Thyme oil has been used to successfully relieve symptoms associated with atopic dermatitis. Atopic dermatitis, known commonly as eczema, is a common skin issue characterized by itchy, scaly patches on the skin. While eczema is common in children, thyme oil should not be used as a treatment for young kids.

5. Respiratory Infections and Coughs

The terpene thymol may also work as an anti-spasmodic to help reduce coughs. One study showed that when used in conjunction with primrose, it was effective in reducing coughing associated with respiratory tract infections.

6. Alopecia/Hair Loss

Thyme essential oil, when combined with a carrier oil and massaged into the scalp, can help reverse the effects of alopecia and encourage new hair growth. One study showed that 44% of subjects treated with thyme oil experienced an improvement in their hair loss.


A few words of caution. Essential oils are volatile biologic compounds and their use does come with risks. Essential oils should never be ingested or taken internally by applying to mucous membranes like the vulva or gums. Improper use can cause GI problems, dizziness, hallucinations, and other problems. Essential oils should not be used during the first trimester of pregnancy and your healthcare provider should be consulted before using oils later in pregnancy.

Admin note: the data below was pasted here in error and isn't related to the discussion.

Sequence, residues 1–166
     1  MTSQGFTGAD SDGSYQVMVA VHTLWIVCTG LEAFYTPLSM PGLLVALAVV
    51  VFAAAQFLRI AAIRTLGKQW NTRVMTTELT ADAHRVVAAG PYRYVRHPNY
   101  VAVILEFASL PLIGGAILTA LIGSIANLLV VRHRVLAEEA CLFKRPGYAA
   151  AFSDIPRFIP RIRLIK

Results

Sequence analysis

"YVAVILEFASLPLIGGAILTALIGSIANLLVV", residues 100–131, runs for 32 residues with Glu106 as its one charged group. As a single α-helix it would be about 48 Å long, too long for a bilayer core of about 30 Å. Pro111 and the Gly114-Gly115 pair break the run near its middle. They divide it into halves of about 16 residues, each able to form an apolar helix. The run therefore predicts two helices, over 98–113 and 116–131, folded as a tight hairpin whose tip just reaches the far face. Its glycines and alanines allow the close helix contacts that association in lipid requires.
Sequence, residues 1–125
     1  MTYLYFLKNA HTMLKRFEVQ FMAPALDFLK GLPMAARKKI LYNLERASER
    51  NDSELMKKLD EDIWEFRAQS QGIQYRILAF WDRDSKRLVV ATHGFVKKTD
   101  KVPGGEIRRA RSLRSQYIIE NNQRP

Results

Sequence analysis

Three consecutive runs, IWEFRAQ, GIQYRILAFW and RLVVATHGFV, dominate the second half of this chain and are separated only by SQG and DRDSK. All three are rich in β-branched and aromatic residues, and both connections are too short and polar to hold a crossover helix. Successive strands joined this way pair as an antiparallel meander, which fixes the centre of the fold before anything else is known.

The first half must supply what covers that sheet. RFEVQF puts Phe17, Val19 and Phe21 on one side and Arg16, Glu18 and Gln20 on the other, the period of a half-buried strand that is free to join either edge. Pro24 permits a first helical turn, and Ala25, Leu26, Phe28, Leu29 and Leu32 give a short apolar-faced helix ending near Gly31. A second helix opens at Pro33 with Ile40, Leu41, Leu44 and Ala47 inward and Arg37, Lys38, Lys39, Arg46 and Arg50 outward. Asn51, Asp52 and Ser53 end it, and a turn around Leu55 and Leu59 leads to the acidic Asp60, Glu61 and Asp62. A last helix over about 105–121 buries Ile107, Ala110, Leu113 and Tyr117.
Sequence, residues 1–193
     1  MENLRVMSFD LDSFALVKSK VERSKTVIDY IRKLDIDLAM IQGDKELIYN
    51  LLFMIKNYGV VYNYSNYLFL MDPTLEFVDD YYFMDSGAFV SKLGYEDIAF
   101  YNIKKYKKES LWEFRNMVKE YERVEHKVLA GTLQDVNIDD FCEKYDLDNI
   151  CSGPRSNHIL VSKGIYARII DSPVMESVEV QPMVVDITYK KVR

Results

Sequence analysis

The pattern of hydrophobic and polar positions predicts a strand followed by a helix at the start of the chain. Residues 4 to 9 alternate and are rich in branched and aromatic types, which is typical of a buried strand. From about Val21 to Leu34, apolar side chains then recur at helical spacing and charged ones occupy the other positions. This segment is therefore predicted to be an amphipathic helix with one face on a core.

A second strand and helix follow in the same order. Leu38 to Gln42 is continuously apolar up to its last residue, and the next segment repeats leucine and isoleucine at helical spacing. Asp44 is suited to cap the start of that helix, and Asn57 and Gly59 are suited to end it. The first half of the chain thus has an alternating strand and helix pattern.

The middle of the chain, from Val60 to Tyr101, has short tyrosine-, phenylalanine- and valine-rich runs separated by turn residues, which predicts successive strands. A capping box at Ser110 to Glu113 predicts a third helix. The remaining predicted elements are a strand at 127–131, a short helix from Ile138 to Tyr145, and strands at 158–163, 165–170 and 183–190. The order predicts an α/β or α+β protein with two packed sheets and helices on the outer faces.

Essential oils should always be diluted in a carrier oil like coconut oil before topical application. Improper dilution can result in skin irritation.

Kristi Pahr is a freelance health and wellness writer and mother of two who spends most of her time caring for people other than herself. She is frequently exhausted and compensates with an intense caffeine addiction. Her work has appeared in Good Housekeeping, Real Simple, Men’s Health, and many others.


Alaluf, Y., Nicole, & Anna. (2019, March 28). Potent antimicrobial essential oils use with children. Tisserand Institute. Retrieved October 5, 2019, from https://tisserandinstitute.org/antimicrobial-essential-oils-children/.

Atopic dermatitis (eczema). Mayo Clinic. (2018, March 6). Retrieved October 5, 2019, from https://www.mayoclinic.org/diseases-conditions/atopic-dermatitis-eczema/symptoms-causes/syc-20353273.

Hay, I. C., Jamieson, M., & Ormerod, A. D. (1998, November). Randomized trial of aromatherapy. Successful treatment for alopecia areata. Arch Dermatol. 1998 Nov;134(11):1349-52. doi:10.1001/archderm.134.11.1349